Lewis, who will return as the two-time defending champion next year, says any technicians who missed the cut this year should have ample incentive to study up and come back even better in '09.
"You hate to see people cut out, but that's competition," he says. "If you stub your toe and stumble one little bit, you can count on the next competitors to take the ball and run with it. It tells the guys, 'I've identified a weak area I'm in; I need to study hard for the next time.'
If you sit back on your heels and rest, you'll be a spectator."
ASE's Hornicek credits the growth of the competition to the energy and enthusiasm of everyone involved.
"Bottom line--it's the volunteer efforts of the fleets, manufacturers and trainers that make this a great success," he says.
"Every year gets better."
Of course, you cannot have a competition without judges, and 227 dedicated volunteers from 118 companies were on hand to help evaluate the competitors, like WyoTech diesel instructor Chad Parsons, who returned after a one-year hiatus to serve as an engine judge.
Judges have the sometimes difficult task of learning their what their station will feature just a day before the event, yet must know the troubleshooting problems in and out before being able to evaluate technicians. Arrants says the secrecy-as well as other measures taken by the committee-helps ensure a fair competition.
"They know what workstation they're assigned to, but they don't know what is going to be expected from the technicians until that day, so that limits any massive knowledge of people knowing what's going on," Arrants says.
Parsons faced a bit of a challenge when he found out he was tasked to grade technicians on the DD15-an engine he had precious little time working with.
"We were originally told we were going to do the DD15s and started to build our preparation off that, and then were told about a month into it that we could not get enough to do the job, so we switched up," he says. "We were then told the Thursday before the show we were switched up again and were going to the DD15s."
Unfortunately, WyoTech did not have any of the engines on hand, so the next day, Parsons and his fellow WyoTech engine judges traveled to a nearby Freightliner dealer to get a crash course.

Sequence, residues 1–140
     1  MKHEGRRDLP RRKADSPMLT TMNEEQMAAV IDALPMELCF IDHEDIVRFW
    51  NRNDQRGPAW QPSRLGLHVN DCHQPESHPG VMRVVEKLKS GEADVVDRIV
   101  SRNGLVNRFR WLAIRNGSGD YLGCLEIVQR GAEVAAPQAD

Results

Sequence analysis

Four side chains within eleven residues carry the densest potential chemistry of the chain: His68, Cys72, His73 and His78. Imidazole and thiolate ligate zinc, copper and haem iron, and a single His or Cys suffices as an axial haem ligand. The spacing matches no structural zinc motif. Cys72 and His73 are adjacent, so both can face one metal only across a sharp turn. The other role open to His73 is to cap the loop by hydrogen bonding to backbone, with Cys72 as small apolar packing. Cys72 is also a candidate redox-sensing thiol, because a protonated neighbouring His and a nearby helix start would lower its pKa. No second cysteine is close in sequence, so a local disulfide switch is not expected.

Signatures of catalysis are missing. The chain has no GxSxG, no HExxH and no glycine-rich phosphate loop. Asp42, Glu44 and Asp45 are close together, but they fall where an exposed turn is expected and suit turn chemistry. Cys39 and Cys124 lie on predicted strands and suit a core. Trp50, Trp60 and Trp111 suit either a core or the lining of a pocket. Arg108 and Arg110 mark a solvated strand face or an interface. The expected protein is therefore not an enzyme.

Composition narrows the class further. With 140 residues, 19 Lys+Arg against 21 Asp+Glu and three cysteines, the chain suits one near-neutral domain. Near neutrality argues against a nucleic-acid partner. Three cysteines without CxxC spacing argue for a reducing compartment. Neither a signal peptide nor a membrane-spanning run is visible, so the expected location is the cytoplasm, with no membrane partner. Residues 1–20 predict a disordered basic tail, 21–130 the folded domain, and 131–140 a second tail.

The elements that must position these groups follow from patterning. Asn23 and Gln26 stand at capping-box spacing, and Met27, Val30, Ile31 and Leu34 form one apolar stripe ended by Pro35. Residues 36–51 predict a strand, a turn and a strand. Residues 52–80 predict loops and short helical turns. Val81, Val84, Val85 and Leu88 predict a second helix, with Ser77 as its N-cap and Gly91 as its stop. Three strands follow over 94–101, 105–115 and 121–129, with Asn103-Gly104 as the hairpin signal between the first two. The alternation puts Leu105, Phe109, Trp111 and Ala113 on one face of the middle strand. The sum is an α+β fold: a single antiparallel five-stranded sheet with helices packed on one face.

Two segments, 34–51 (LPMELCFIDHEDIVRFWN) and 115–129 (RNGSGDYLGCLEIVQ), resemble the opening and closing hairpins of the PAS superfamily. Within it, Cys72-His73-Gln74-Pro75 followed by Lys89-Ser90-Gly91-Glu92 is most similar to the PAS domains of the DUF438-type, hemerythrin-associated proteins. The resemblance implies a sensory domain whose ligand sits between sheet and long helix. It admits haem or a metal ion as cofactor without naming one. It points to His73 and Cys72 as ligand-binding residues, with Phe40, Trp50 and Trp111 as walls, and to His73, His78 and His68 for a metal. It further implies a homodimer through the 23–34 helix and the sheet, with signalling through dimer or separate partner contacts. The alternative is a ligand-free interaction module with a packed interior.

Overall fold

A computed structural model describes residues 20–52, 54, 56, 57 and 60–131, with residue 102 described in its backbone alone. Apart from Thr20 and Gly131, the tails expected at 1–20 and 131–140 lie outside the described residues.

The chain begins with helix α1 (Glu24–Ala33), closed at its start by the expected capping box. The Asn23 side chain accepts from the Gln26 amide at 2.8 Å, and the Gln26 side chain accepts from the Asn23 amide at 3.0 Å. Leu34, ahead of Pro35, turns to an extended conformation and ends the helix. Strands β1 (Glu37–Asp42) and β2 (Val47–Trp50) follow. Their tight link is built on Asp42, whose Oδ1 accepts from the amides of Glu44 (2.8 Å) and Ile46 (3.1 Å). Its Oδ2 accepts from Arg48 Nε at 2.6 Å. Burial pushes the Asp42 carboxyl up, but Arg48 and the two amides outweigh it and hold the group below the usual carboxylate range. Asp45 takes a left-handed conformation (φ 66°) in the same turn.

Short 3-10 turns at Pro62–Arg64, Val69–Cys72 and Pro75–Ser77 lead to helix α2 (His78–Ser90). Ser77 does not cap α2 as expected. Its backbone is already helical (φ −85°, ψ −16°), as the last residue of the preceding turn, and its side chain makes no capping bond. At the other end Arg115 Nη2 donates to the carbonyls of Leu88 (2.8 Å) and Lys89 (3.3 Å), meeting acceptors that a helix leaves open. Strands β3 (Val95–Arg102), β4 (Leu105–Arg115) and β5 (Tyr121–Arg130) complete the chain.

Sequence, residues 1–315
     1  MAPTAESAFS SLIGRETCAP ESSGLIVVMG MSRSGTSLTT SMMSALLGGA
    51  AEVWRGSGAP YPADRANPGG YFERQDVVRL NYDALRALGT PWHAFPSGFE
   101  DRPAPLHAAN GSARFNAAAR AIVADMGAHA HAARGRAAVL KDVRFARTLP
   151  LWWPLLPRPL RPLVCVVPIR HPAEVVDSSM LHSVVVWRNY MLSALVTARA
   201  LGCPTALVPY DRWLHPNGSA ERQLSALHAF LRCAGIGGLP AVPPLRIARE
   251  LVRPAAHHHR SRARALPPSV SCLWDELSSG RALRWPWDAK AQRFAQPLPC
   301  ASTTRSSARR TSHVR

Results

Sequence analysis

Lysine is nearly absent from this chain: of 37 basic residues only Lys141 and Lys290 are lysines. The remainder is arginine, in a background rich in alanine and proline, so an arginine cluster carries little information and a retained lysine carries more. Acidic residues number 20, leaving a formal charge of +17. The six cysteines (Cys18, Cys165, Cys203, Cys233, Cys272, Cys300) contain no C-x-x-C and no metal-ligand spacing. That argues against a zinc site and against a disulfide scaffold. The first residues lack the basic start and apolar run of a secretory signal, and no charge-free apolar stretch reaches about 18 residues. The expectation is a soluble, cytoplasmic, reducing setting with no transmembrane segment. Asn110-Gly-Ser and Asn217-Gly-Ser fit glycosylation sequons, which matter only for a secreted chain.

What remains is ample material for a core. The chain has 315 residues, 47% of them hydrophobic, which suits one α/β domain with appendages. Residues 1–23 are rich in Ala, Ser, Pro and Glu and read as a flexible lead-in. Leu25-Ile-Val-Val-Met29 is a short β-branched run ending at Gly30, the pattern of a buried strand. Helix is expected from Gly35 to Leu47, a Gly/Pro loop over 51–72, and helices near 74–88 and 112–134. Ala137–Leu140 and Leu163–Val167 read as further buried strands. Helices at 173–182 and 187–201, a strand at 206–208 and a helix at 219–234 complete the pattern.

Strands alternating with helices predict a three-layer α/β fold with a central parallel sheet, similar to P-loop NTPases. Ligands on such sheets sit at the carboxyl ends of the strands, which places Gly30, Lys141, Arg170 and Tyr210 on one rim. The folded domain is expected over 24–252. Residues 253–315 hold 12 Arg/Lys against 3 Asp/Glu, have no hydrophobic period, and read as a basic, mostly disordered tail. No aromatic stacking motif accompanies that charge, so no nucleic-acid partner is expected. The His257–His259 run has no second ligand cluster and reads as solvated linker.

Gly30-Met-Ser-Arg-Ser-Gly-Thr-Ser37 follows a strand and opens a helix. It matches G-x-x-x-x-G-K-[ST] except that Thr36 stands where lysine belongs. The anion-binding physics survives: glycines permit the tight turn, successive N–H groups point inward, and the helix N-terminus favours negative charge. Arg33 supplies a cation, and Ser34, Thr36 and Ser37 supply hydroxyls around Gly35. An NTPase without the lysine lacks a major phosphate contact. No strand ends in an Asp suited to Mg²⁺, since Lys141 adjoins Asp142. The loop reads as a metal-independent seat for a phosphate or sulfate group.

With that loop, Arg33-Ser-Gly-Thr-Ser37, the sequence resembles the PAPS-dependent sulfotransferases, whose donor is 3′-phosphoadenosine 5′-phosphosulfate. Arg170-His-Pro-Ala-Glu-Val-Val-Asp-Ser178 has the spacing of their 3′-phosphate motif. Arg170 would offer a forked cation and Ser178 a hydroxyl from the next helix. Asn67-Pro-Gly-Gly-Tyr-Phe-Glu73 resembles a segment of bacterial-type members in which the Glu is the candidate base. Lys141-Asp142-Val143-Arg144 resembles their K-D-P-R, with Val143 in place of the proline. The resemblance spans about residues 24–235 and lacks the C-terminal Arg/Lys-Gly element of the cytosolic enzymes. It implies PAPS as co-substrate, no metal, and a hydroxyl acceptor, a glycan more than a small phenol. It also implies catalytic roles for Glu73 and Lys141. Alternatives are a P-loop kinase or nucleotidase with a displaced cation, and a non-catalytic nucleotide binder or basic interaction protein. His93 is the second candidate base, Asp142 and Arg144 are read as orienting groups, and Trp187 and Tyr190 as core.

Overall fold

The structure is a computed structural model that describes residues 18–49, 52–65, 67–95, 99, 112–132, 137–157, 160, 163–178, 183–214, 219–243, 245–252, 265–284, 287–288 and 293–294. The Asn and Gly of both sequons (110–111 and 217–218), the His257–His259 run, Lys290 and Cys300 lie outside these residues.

"We got to build our problem and test it right there in about two hours-it worked out good," he says.
Despite the last-minute scramble, Parsons says serving as a TMCSuperTech judge was once again a great experience.
"It's the satisfaction of being involved-seeing what the industry really is doing," he says. "We get to see first-hand, the guys out there in the field and their capabilities, and what do we need to do to make sure these techs stay on top of their game? If we go through and watch 10 guys do the same problem, not all 10 do the same, and you'll walk away with more knowledge because you've seen 10 different approaches to one problem."
Charles Ralston, Midwestern technician trainer for TA/Petro travel centers, participated as a judge (HVAC) for the first time after twice competing as a technician. He says while his new job is not easy, it's much less stressful that competing and is very valuable for his work.
"I got a lot out of this event-mainly the ways that techs go about diagnosing problems," he says. "I could see where people have problems and try to work on this with my techs, and I also saw the good ways. This is a place for them to show how good they really are, and also what needs more work."
Ralston says the competition provides lessons for both competitors and judges alike, and urged fleet professionals to send their employees next year to see the benefits for themselves.
"More people should come to this event to see what they need to work on to further their career," he says. "When I went in 2005, I didn't know what to expect; I thought I was the big fish in the small pond, and then I got thrown into the ocean. It gave me a lot to work on and made me a better tech."
Roger Maye of Consolidated Metro has served as the Wheel End Skills Station chairman since the station was added in 2006, and says it is important for station chairmen to include a wide variety of judges from across the industry-even your biggest competitors.